If you enter the last room of the museum, you’ll find that they mostly ran out of buffalo paraphernalia, so you’ll observe guns (presumably used to kill buffalo), a bear, and the heads of an elk and a deer.

I’d heard you could get buffalo cookie cutters at the museum, but they sold out and evidently decided that selling out was not a sign they should stock more. The attendant suggested I try online, since that would be cheaper anyway. Correct, of course, but somewhat disappointing when what you really want is a Buffalo-cookie-cutter road-trip souvenir, not a Buffalo cookie cutter. Oh well.

Wandering outside the museum is moderately entertaining. I guess they don’t work too hard to clean up graffiti.Graffiti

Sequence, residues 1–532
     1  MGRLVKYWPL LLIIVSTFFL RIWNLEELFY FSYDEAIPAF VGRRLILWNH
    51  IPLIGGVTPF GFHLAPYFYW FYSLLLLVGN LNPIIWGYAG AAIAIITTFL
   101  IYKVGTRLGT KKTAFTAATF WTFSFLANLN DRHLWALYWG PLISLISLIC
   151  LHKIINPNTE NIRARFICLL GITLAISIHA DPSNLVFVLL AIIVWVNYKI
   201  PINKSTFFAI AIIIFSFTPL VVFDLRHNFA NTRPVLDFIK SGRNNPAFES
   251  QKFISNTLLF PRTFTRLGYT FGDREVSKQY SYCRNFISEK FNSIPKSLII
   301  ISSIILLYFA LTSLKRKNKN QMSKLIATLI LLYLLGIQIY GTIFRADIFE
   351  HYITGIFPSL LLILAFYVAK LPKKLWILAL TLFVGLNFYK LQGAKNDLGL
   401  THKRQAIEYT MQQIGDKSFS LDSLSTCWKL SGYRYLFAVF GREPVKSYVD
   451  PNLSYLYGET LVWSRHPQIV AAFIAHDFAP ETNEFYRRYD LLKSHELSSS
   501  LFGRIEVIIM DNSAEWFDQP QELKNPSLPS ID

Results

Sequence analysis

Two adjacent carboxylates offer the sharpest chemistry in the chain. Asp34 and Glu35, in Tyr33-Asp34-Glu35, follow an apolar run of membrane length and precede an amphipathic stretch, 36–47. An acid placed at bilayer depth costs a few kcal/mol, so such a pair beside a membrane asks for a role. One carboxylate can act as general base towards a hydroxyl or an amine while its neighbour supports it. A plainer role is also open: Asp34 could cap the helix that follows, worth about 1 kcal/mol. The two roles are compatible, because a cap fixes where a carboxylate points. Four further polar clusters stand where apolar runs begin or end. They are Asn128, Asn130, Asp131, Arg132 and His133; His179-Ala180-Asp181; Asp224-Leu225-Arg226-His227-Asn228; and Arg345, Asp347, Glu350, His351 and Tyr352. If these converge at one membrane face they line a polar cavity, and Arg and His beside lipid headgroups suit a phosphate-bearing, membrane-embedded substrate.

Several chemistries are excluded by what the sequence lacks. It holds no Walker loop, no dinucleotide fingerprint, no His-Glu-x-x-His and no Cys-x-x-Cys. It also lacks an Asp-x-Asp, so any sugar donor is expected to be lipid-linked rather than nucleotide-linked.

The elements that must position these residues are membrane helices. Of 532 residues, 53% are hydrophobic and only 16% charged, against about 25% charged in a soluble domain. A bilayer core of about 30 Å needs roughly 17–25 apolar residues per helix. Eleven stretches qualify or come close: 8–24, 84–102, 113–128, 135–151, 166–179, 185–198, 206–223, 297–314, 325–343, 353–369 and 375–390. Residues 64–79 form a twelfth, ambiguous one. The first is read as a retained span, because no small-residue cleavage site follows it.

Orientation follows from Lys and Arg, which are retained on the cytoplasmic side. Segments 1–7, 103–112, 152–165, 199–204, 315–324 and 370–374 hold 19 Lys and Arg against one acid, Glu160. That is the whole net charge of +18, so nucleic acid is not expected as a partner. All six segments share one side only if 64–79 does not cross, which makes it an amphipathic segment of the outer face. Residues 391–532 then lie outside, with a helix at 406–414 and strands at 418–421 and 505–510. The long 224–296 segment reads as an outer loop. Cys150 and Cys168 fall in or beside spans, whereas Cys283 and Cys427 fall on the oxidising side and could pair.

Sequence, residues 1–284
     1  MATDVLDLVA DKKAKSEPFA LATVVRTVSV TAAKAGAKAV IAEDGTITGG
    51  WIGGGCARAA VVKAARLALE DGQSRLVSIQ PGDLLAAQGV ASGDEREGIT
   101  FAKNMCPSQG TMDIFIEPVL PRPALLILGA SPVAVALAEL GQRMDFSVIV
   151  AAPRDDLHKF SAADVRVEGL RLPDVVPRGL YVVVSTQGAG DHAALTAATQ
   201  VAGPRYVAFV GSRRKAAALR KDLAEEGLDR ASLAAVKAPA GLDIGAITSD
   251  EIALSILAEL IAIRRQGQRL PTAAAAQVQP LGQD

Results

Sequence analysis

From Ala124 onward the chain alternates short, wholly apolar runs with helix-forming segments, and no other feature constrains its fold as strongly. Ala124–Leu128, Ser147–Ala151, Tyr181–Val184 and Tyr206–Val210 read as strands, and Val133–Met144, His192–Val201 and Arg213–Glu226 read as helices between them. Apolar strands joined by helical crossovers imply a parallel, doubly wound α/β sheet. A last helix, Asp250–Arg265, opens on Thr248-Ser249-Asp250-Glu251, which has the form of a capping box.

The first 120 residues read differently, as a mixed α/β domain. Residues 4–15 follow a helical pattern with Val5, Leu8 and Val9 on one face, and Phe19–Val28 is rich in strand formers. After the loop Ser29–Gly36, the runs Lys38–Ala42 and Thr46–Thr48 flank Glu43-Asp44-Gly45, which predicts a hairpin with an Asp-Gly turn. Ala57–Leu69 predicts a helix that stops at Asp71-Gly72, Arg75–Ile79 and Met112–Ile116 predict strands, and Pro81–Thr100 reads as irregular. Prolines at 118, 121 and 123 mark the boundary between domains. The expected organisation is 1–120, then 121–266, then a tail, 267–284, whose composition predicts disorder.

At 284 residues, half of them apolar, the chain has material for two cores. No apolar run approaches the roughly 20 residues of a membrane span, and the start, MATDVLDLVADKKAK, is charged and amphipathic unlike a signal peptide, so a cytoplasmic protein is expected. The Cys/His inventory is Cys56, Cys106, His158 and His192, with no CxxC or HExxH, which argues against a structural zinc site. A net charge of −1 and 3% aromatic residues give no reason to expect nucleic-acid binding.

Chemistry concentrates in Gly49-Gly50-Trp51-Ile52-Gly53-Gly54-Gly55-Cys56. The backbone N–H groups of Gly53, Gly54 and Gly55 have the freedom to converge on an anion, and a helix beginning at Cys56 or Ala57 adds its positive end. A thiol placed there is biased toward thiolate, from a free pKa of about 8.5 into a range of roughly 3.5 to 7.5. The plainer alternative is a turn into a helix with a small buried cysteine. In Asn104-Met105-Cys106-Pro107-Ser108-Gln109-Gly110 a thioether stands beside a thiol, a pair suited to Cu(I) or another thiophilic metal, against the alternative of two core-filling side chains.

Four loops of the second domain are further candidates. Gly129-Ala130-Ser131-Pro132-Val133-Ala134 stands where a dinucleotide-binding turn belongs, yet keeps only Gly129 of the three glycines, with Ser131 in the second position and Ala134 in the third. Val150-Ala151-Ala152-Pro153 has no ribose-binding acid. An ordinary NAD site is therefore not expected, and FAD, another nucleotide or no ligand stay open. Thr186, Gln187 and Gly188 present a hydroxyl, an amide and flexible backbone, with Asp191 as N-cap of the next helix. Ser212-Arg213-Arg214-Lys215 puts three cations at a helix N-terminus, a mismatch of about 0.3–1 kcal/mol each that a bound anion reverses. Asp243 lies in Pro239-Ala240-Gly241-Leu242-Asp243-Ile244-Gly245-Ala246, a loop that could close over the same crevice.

And least not Buffalo ball graffiti.Colossal Buffalo

Also by the museum is Frontier Village, which has free admission. North Dakotans do not seem to like to destroy their old buildings, which is to be admired, but they do seem to like move old buildings and situate them in sardine-like rows separated by blacktop. My favorite was the sheriff’s office two feet away from the saloon.Policing the Bar

I guess they wanted to pay tribute to the fact that Louis L’amour was born in Jamestown, but it was unclear to me how dedicating a “shack” to him in their rather monstrous conglomeration of old buildings was a compliment.L'amour Shack

Fargo’s version is a more honest tourist trap, naming its sandwiching of transported buildings “Bonanzaville” and then charging admission. Bonanzaville

Bonanzaville

North Dakota and a Town called Towner

HW-2 becomes disappointing quite quickly in North Dakota, as it has been widened to four lanes and bypasses almost all of the nearby communities — some historically, some not.